Honey Week


October 2015

From the 23rd to the 31st October, Britain celebrated National Honey Week. Organised by the Bee Keepers Association, it was a chance to celebrate honey and its uses, as well as reflecting on the plight of the honey bee and to thank it for its resourcefulness. There was some very interesting media coverage and information on their website too.

Down to Earth offered a 10% discount on Dorset Honey from our long standing supplier Rob Hogben. This experienced Bee Man harvests from around the area and jars straight from source, retaining the beneficial enzymes, proteins, vitamins and minerals. You will note that during the season the colour varies as a result of the flora of the season, a good sign that it is not blended. It also crystallises in very cold weather which is a good sign of its natural state. When this happens, heating the jar in warm water will restore it. We also stocked honey from Transition Farm community farm, which reported a good harvest from their orchard hives.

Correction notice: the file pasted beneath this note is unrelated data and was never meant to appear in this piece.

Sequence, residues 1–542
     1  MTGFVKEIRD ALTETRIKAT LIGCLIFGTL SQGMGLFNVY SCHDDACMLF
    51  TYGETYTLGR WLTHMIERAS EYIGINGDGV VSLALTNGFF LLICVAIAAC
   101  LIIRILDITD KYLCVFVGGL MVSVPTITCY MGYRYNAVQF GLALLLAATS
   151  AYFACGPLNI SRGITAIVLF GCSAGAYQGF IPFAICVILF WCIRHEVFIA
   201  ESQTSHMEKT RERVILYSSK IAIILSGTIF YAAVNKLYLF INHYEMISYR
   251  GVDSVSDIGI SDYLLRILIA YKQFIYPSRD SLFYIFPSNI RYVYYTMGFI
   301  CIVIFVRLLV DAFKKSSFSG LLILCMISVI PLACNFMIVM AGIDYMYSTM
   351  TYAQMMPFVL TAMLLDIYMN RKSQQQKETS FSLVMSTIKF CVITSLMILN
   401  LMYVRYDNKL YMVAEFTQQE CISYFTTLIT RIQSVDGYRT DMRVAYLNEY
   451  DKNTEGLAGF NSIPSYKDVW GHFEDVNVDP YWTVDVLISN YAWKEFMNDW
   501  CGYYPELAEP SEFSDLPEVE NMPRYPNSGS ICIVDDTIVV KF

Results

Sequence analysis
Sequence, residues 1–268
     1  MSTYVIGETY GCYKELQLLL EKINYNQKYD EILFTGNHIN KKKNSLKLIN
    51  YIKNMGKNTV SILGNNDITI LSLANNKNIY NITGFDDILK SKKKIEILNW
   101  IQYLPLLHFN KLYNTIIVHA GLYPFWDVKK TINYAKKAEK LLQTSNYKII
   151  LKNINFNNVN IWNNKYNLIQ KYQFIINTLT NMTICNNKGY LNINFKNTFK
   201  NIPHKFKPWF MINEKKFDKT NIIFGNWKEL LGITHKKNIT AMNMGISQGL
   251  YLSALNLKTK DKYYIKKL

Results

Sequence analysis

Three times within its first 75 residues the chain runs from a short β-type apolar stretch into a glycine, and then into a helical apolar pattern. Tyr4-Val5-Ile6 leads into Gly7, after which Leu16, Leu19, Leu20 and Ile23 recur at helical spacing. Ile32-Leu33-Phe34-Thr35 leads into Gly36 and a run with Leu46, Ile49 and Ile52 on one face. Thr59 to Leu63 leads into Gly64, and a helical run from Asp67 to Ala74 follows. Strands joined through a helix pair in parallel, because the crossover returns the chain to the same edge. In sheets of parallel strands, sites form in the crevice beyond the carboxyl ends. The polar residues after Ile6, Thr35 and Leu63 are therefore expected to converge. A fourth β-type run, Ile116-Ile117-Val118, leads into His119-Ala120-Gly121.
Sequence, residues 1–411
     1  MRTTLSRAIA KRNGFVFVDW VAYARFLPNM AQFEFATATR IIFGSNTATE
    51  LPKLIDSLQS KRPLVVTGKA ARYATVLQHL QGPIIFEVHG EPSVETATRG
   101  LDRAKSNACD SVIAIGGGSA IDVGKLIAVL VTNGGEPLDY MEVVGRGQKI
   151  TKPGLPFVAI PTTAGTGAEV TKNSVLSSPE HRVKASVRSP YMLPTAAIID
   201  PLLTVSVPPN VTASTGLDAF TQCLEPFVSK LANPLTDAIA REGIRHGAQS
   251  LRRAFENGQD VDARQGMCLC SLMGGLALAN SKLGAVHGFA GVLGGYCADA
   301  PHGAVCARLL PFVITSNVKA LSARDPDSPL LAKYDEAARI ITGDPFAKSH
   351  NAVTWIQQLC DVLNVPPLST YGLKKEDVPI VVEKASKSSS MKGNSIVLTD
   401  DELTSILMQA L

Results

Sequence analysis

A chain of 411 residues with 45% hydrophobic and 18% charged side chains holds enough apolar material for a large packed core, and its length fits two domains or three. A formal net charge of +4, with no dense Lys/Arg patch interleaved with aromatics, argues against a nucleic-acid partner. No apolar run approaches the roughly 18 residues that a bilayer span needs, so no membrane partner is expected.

Honey has a long standing tradition as a food, medicine and cosmetic. As a natural sweetener it breaks down to on average 40% fructose, 35% glucose, 18% water and 3% other minerals and vitamins, especially Vitamin B. The high fructose content is less likely to lead to energy spikes . Because of its sweetness, ½ cup of honey is equivalent to one cup of sugar.

As a medicine, its properties offer unique healing properties that support health. Allergy sufferers, notably hay fever sufferers on a course of local honey or pollen grains in season, benefit from the immune building substances. During winter, sore throats and cold symptoms are soothed and well-being is supported. Externally, it is used for healing wounds as it has great anti-bacterial properties. For dry skin, it relieves and repairs.

The honey bee is a unique little creature. Without its existence as a key pollinator we would be in crisis. When introduced into America it was called the white mans fly, and lead to the popular saying ‘ White man works, makes horse work, makes ox work, now makes fly work’. Food for thought!

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